Consider what Belgic Confession Article Five says about God’s Holy Word. It begins: “We receive all these books, and these only, as holy and canonical, for the regulation, foundation, and confirmation of our faith.” [1] First, it says “we receive.” The Christian faith is a corporate faith. It’s never just you and Jesus. It’s always Jesus and the body of Christ of which you are a member. Together, as the church, we receive the sixty-six books of the Old and New Testaments as God’s holy and canonical Word and submit to it, to God Himself.  

Second, canonical means that all Scripture is, as Westminster Confession of Faith 1:2 says, “given by inspiration of God, to be the rule of faith and life.” Canon is law, a rule of doctrine and faith. Christians receive Scripture, including every part, as the only source of authority for their faith and life, or as Article Five says, “for the regulation, foundation, and confirmation of our faith.”

Article Five continues:

We believe without any doubt all things contained in them, not so much because the church receives and approves them as such, but especially because the Holy Spirit witnesses in our hearts that they are from God, and also because they contain the evidence of this in themselves; for even the blind are able to perceive that the things foretold in them are being fulfilled. [2]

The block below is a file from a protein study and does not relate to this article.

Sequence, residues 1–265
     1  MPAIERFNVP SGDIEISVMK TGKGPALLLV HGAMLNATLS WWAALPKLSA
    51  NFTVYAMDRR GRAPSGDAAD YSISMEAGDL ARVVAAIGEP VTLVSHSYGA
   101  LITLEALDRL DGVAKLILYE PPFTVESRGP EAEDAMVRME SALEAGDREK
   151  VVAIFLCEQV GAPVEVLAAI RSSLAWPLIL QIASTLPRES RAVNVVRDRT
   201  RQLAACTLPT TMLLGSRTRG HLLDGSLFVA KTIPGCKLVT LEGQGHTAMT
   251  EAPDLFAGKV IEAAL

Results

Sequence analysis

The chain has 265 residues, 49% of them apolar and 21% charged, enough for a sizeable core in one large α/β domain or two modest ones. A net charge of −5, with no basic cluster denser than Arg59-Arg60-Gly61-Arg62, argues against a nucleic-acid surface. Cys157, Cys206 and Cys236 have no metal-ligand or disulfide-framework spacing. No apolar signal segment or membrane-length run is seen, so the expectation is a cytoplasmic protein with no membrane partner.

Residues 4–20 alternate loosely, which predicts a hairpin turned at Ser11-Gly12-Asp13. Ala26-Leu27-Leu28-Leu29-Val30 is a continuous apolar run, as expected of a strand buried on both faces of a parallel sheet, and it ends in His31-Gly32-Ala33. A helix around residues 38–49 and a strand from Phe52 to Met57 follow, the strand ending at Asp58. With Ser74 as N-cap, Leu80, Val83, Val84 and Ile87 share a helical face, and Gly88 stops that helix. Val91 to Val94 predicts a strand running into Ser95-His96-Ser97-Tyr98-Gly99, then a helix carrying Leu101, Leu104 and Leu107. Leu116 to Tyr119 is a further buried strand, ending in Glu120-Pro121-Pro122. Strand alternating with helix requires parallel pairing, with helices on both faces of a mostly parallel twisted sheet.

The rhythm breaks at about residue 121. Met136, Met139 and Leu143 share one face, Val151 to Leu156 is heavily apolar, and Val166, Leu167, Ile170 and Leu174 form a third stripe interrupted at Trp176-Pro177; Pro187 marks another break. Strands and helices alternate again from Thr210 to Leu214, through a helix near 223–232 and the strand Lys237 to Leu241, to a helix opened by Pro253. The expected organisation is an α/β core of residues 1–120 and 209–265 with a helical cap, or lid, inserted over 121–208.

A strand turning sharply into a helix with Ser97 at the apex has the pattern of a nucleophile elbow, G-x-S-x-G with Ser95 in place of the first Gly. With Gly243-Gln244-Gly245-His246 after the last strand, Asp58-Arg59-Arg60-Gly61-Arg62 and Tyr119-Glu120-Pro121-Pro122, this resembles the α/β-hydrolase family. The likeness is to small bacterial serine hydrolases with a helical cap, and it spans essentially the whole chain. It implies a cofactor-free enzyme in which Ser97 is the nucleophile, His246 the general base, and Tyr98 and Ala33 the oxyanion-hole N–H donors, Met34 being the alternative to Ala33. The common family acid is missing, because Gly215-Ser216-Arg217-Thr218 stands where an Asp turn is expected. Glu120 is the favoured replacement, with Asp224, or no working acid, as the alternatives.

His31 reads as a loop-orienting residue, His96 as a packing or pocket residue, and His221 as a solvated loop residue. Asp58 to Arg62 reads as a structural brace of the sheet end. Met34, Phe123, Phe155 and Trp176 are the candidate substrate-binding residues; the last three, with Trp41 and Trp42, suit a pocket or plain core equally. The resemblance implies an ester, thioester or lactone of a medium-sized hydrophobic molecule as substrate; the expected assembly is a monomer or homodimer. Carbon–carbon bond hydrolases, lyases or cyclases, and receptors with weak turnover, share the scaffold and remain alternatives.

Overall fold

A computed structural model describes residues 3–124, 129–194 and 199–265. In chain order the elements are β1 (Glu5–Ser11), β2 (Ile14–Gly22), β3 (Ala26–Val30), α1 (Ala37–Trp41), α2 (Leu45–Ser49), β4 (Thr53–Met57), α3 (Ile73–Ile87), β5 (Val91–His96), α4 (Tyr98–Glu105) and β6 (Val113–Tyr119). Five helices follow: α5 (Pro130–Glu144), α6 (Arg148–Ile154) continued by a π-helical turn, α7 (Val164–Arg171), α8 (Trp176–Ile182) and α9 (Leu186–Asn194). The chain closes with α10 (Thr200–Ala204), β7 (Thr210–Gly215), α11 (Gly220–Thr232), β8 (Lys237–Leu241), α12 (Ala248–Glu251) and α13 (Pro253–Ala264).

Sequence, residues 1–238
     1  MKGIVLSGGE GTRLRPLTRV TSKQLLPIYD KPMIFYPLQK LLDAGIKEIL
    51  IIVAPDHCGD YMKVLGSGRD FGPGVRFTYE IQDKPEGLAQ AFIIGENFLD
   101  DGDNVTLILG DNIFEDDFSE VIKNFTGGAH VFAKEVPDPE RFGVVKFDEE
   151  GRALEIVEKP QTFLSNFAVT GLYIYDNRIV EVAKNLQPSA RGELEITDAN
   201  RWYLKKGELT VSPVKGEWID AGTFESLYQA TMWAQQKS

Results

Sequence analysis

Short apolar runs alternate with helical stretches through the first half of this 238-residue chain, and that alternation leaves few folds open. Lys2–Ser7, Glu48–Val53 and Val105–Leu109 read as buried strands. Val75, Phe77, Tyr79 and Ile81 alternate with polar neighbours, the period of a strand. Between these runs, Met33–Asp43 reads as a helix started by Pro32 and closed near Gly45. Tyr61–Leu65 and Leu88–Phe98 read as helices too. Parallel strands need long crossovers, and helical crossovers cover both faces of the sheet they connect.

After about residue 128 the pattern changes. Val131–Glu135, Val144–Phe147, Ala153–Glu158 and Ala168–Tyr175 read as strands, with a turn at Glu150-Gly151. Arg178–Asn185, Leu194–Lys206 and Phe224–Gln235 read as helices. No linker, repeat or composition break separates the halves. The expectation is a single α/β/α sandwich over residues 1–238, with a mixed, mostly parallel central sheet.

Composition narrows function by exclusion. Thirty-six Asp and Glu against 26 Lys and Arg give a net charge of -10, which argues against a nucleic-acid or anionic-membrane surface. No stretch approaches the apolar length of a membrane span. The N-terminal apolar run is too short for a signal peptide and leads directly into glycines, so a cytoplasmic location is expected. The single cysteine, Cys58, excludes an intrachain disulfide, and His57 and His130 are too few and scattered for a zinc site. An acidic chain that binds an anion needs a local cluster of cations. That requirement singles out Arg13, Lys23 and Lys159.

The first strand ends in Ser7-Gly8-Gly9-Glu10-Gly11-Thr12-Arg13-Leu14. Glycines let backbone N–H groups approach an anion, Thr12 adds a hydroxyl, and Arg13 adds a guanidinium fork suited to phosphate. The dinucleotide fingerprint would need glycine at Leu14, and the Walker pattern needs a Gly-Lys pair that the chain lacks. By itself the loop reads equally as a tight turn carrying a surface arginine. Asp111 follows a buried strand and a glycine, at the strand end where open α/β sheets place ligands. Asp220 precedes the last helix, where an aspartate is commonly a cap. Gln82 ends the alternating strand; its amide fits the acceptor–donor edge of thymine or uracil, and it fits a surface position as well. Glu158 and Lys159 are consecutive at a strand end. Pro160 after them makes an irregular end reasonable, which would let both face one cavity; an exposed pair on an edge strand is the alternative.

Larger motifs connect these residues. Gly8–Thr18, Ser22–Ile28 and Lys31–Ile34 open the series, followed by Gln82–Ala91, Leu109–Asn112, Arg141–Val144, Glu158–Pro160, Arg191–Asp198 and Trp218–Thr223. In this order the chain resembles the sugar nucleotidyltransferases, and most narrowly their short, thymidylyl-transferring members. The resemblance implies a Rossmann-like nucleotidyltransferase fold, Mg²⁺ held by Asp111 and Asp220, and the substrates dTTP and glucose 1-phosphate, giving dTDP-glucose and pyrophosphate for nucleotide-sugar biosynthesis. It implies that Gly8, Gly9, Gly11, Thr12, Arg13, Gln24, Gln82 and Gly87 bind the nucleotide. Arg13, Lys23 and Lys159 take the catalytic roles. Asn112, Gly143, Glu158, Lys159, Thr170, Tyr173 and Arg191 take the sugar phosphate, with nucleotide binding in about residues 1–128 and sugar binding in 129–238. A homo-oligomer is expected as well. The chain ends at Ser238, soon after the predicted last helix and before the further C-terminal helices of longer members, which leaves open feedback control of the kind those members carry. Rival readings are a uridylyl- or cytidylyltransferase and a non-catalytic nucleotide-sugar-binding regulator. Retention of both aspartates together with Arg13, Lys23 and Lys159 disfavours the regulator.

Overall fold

Again, we believe the Scriptures together, as Christ’s church. This provides community, support, and accountability. We interpret the Bible together as a church, and not just as a church today, but as a church throughout history. We place our confidence exclusively in sixty-six divinely authored and authoritative books. We never change the Word; the Word always changes us.

Article Five gives an apologetic for why we consider the Bible God’s Word. We don’t receive it as God’s Word because the church says so. The church doesn’t form the Scriptures; the Scriptures form the church. We receive the Bible as God’s authoritative Word because the Holy Spirit testifies to Scripture’s divine authority in our hearts. Additionally, the Scriptures themselves present sufficient authenticating evidence within them. More could be said about this. Check out Westminster Confession of Faith Chapter One. 

In 1 Thessalonians 2:13, Paul, speaking as an apostle sent by Christ and representatively of all the apostles and even ministers of the gospel, said:

And we also thank God constantly for this, that when you received the word of God, which you heard from us, you accepted it not as the word of men but as what it really is, the word of God, which is at work in you believers.

God spoke through prophets and apostles, and they gave us the Bible. Therefore, when we receive the testimony of Scripture, we receive not the word of men, though men penned it, but we receive God’s authoritative Word. And as Spirit-filled believers, God’s Word is working in us to align our beliefs, thoughts, choices, and actions to Christ.